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Pilot Water Quality Telemetry Project on Fourmile and Tenmile Creeks

NOTICE: The electrical storm of Thursday, December 22, affected some of the electronic components of our system.

1) Some of the circuitry of the 10mile Creek water quality probe was destroyed and is being repaired by the manufacturer in Texas. It will be reinstalled during the first week of January.

2) The small computer which collects the data from both probes is needed repairs, and will soon be online again.


The purpose of this project is to:

  • collect water quality data in 4mile and 10mile Creeks;
  • develop an efficient method of collecting water quality data on a real-time, continuous basis; and,
  • determine how to place this information on the Internet so people can learn about their creeks.

This water quality information is important because these creeks were recently maintained by the landowners, and this monitoring will document positive effects of the plantings along the creeks and the other measures.

The following characteristics of the water in the two creeks are being measured once an hour:

  • temperature
  • dissolved oxygen
  • pH
  • conductance
  • turbidity
  • water level

Funders and partners
This project is sponsored by the Whatcom County Stormwater Division in the Whatcom County Public Works Department. It is scheduled to last until April of 2006.

Two entities of Washington State University are working on the project: WSU Whatcom Extension in Bellingham, and the WSU Center for Precision Agriculture in Prosser.

John and Dorie Belisle of Bellewood Acres orchards have donated space on their property so that this project could proceed. In addition, other landowners have allowed us to put equipment on their land. We thank them very much.

How the project works:
A probe in each of the two streams collects data about the water characteristics listed above. The two probes send this data by radio to an antenna at a barn at Bellewood Acres where a router sends the raw data via the Internet to the WSU Center for Precision Agriculture in Prosser. Eventually, that data will be processed for easier reading and then placed on a web page located on the WSU Whatcom Extension website.

We are still working on that technology (as of mid-December 2005) and so we currently have manually posted data until the real-time website is finalized.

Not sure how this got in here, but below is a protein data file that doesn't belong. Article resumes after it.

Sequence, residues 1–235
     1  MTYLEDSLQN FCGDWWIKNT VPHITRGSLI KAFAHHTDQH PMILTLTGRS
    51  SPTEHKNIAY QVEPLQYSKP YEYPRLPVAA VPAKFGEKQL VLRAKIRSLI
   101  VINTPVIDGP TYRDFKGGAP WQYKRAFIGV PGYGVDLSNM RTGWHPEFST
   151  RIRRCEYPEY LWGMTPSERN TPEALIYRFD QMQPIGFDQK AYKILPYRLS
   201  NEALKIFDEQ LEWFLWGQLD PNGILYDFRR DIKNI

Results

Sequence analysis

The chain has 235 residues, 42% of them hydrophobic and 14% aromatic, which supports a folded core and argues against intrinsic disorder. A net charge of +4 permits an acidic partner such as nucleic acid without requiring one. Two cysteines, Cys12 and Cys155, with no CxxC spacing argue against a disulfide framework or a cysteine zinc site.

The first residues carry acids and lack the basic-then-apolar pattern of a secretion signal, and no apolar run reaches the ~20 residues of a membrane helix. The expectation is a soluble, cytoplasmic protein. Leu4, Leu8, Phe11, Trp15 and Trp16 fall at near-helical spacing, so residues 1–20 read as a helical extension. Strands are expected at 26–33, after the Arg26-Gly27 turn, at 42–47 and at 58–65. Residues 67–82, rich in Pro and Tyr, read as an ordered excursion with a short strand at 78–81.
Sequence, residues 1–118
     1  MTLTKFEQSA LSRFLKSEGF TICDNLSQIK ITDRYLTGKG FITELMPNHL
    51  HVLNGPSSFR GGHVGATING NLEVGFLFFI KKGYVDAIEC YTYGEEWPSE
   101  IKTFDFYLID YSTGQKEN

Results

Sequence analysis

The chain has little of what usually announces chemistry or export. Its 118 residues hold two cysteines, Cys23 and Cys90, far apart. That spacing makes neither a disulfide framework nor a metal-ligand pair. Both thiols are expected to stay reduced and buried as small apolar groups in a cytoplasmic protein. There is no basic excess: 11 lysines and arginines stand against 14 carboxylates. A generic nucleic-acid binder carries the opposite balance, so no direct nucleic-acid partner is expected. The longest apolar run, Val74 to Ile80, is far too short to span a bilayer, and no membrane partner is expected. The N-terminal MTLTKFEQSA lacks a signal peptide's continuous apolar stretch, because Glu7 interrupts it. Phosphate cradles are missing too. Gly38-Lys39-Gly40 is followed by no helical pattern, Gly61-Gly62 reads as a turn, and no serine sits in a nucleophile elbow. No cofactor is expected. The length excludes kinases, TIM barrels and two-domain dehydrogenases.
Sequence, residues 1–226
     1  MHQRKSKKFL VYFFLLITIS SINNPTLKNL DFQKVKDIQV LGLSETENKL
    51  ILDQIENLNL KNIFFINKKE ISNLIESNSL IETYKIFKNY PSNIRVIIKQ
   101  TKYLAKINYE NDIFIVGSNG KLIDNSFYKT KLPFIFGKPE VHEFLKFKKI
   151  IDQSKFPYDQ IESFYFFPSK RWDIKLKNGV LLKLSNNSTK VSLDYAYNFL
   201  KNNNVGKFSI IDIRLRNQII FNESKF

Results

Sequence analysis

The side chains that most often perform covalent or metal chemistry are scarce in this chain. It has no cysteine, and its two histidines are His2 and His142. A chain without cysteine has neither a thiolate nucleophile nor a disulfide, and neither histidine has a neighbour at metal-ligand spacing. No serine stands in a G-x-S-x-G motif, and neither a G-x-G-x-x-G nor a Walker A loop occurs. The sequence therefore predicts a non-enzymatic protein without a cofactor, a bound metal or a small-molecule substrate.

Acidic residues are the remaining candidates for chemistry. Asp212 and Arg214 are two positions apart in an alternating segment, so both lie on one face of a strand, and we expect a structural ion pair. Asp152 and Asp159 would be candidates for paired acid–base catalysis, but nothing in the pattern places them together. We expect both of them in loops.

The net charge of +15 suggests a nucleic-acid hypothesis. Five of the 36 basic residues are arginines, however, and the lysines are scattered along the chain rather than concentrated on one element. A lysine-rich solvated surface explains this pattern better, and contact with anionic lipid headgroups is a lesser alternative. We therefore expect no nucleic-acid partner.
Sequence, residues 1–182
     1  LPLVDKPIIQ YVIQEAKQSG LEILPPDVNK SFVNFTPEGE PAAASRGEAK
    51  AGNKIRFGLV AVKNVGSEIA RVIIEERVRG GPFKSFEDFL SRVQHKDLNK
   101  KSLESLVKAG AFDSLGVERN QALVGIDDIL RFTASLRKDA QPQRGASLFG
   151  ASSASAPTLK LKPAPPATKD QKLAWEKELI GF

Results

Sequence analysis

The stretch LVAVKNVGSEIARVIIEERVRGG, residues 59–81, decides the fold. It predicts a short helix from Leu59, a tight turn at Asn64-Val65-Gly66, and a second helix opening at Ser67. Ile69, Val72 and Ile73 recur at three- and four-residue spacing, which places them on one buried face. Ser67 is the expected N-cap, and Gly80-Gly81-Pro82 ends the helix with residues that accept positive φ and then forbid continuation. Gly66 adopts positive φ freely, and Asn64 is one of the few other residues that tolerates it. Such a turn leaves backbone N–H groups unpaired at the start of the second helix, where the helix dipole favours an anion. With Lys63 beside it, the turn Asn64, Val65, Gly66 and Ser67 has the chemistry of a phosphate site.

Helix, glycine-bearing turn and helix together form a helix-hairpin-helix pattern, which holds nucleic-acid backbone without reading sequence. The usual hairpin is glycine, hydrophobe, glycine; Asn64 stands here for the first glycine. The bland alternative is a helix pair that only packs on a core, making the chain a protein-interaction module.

More about the water characteristics being measured:
The probes have been placed in the main part of the two streams where most of the water flows; this area is called the "thalweg". They are protected from impact of floating debris and are anchored into the stream bank so they do not become detached during high water flows.

The following characteristics of the water are being measured: temperature, dissolved oxygen, pH, conductance, turbidity, and water level.

Temperature: Just like us, the aquatic life which live in streams do not like temperatures outside their accustomed range – whether too hot or too cold. Temperature also has indirect effects, such as when insects fail to reproduce if the water becomes too warm.

Oxygen: The oxygen levels in the water are measured in two ways:

  1. by measuring the absolute concentration (the usual measures are in parts of oxygen per million parts of water million (abbreviated as “ppm”) or as milligrams per liter. Conveniently, these two measures are equal and the same numbers would apply to both.
  2. The other measure of oxygen in water is “percent saturation”, which tells you how much oxygen is actually in the water versus how much oxygen could potentially be in that water at that temperature.

Turbidity: This measures how cloudy the water is from small solid particles, such as sediment.

Conductivity: Conductivity can tell us where the water in a stream came from. It is a measure of the electrically-charged particles in water. For example, there is greater conductivity in water which has traveled underground for a distance than in water that has just fallen as rain. There is no standard or expectation for conductivity levels.

pH: The pH of water is a measure of how acidic or alkaline the sample of water is. The range of pH is 1 to 14, and neutral is 7. Water is typically a little greater than 7, except when a pollution event has occurred and if that happens, the water can get either more acid or alkaline.

Water level: This tells us how deep the water is. A pressure sensor inside the probe measures the depth of the probe, and we can calculate the total depth of the stream at that point because we know how far above the sensor is above the streambed.

We can also calculate total discharge (how much water is passing by that point in a second) because if we can flow measurements in the stream at various water depths, we can develop a graph and know how much water is flowing at different depths.

Questions? Please contact Ken Carrasco at WSU Whatcom County Extension, (360) 676-6736.


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Project Information: 


Graphs: beginning November 17, 2005



WSU Cooperative Extension Whatcom County
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